Leola Hardy, a policy analyst at the Defender Association of Philadelphia, said that in other cases, inability to pay sets off a chain reaction: Kids can’t pay, so they’re kept on probation. Then, “They’re under supervision longer, making them more likely to be caught messing up in some way and then go deeper into the criminal-justice system.”

That was the case for Shayra Hill, who was 16 and in foster care when she got into a fight at school, defending her brother from a bully.

She was sentenced to a year's probation — but remained on probation for three years while she bounced between foster and group homes. When she was almost 19, she sought to close her case.

Hill, now 22, said the judge told her her case could be closed — if she paid her court costs and fees, $420, that very day. She had been at her first job only a week, and didn’t have the money. So, she remained on probation another year. 

Shayra Hill, now 22, was kept on juvenile probation as a teenager because she was unable to pay her court fees. (ED HILLE / Staff Photographer)

That’s common, said Jessica Feierman, of the Juvenile Law Center: “It’s happening in every state, and in every state it’s leading to harsh consequences.”

But there’s little actual data available on what costs are imposed, she said. (JLC conducted its research through surveys.)

Sen. Bob Casey (D., Pa.) introduced legislation in July to mandate that local authorities report what fees are imposed: “It speaks to the actual dollar amounts, how much is recovered, how much is outstanding and — this is critical — whether juveniles or their guardians receive a hearing to determine ability to pay,” he said.

Davis-Spears did not receive a hearing when the city went after her for child support. She didn’t know it was an option. Even after she met with DHS’ lawyer, Steven Kaplan, she wasn’t sure who he was: a mediator, she thought.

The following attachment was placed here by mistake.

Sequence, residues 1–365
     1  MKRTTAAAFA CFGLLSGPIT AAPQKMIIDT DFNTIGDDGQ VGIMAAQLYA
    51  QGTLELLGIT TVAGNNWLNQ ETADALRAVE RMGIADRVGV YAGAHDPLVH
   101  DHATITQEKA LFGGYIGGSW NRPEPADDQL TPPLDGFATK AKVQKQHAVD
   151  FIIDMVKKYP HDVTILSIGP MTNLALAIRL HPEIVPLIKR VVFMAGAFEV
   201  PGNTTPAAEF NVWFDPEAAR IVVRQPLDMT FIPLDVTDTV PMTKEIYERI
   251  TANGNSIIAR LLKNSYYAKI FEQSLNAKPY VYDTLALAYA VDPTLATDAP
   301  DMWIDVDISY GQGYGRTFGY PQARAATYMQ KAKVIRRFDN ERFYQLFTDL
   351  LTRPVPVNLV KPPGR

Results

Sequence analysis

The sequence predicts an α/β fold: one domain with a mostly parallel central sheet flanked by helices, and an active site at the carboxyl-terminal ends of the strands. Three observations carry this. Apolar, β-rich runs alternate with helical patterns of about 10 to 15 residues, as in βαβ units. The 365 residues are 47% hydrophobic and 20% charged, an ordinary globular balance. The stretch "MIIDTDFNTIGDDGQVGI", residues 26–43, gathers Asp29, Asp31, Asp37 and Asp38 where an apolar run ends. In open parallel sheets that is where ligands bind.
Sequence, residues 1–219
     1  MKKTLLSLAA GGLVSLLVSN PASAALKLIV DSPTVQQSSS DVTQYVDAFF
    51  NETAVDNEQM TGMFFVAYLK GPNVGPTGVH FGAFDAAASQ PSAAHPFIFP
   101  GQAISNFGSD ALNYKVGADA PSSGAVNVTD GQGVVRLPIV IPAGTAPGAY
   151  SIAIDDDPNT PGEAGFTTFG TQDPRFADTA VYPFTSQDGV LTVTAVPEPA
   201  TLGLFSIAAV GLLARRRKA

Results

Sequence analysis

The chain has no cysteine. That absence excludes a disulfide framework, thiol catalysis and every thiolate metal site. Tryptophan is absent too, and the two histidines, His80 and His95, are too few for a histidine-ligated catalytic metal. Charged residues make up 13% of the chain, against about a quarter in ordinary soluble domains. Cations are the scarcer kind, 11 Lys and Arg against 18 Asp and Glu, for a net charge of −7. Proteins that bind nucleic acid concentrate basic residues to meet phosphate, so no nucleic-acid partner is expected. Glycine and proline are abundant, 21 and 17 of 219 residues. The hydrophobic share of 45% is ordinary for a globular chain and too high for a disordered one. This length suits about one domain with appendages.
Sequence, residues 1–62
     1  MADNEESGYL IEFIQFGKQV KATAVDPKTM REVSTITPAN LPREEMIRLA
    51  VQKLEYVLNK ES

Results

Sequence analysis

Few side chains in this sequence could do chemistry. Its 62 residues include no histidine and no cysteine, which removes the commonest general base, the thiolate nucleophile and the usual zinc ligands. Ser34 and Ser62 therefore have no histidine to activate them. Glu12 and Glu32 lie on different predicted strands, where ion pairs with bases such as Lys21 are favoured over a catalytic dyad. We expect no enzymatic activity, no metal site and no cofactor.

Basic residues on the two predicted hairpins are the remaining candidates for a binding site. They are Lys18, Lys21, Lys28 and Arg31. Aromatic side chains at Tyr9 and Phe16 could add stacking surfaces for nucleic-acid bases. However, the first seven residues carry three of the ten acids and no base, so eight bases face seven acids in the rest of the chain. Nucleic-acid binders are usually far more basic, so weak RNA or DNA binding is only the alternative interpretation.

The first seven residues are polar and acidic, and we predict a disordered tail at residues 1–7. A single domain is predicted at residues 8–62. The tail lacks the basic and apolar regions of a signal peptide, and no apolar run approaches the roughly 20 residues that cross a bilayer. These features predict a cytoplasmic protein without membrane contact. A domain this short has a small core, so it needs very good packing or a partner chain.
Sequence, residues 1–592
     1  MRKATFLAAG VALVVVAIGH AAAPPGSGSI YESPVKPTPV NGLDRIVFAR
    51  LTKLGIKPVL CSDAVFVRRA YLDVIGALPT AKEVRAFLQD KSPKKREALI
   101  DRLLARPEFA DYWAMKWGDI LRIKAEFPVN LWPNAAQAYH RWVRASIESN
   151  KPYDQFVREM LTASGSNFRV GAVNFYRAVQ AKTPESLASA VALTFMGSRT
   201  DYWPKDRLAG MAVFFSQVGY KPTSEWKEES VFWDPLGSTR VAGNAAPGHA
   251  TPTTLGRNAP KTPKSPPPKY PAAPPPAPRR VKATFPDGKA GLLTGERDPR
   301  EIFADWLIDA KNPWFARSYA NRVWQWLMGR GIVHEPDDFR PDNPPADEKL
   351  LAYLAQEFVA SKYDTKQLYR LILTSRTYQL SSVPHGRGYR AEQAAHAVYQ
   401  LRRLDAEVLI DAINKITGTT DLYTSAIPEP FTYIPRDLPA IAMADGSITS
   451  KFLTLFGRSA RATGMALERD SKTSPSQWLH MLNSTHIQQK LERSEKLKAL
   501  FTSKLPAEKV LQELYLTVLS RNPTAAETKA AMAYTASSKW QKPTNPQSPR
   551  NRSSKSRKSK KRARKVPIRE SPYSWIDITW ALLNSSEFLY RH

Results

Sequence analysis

In fact, the meeting was a pretrial conference. The deal she signed was a negotiated settlement.

“But it wasn’t a negotiation,” she said. Kaplan used a calculator, she recalled, and told her of the $12,000 in costs.

She was afraid to argue: “I can barely afford the $50 a month, so I don’t know what would happen if I went in there waving my finger,” she said.
Kaplan said 95 percent of cases are settled by agreement in this way.

That was disturbing to Lauren Fine, of the Youth Sentencing & Reentry Project, a local nonprofit.

“There’s no transparency. There’s no judge. There’s no lawyer in the room,” Fine said.

YSRP collaborated with students in a new program, Justice Lab, at the Sheller Center for Social Justice at Temple Law School, to investigate the legal basis of the practice and its outcomes.

They found it’s not quite a windfall. DHS collected $551,261 in 2015 from parents of kids in detention or delinquent placement: 1.1 percent of the $50 million it spends to lock kids up each year.

The median monthly payment was $30, the average, $80. Some parents paid just $2 a  month. In other cases, tax returns or bank accounts were garnisheed (since child support isn't assessed until well after kids return home, parents were immediately in arrears, they found). Those low figures paint a picture of families with very little to spare, said Colleen Shanahan, the professor who founded Justice Lab.

So, Fine said, “People are having to make choices you would hope no parent would have to make: What’s best financially for an entire family vs. what’s best in a court process for one child."

Kaplan, who is listed as staff on the Democratic City Committee website, first created the collections program under then-Mayor Ed Rendell in 1998. (He also collects child support, totaling more than $1 million last year, from parents whose kids are removed to foster care or group homes.)

Kaplan said he’s passionate about the work: “One of the things I like to say is, it’s not only good kids who are entitled to child support.” He also suggested that it actually could help these families, most of them among the working poor, become more financially responsible, because once the child-support payments end, it’s like getting “a raise.”

It’s not clear how much longer Kaplan’s work will continue: According to Keafer, his new contract has an exit clause.

Advocates are urging immediate action.

“If you’re a city official, it’s easy to become disconnected from the problem,” said Wesley Stevenson, one of the law students who researched the issue. “But it’s affecting real people every day, and every day that goes by is another support order that’s issued and another family that’s affected.”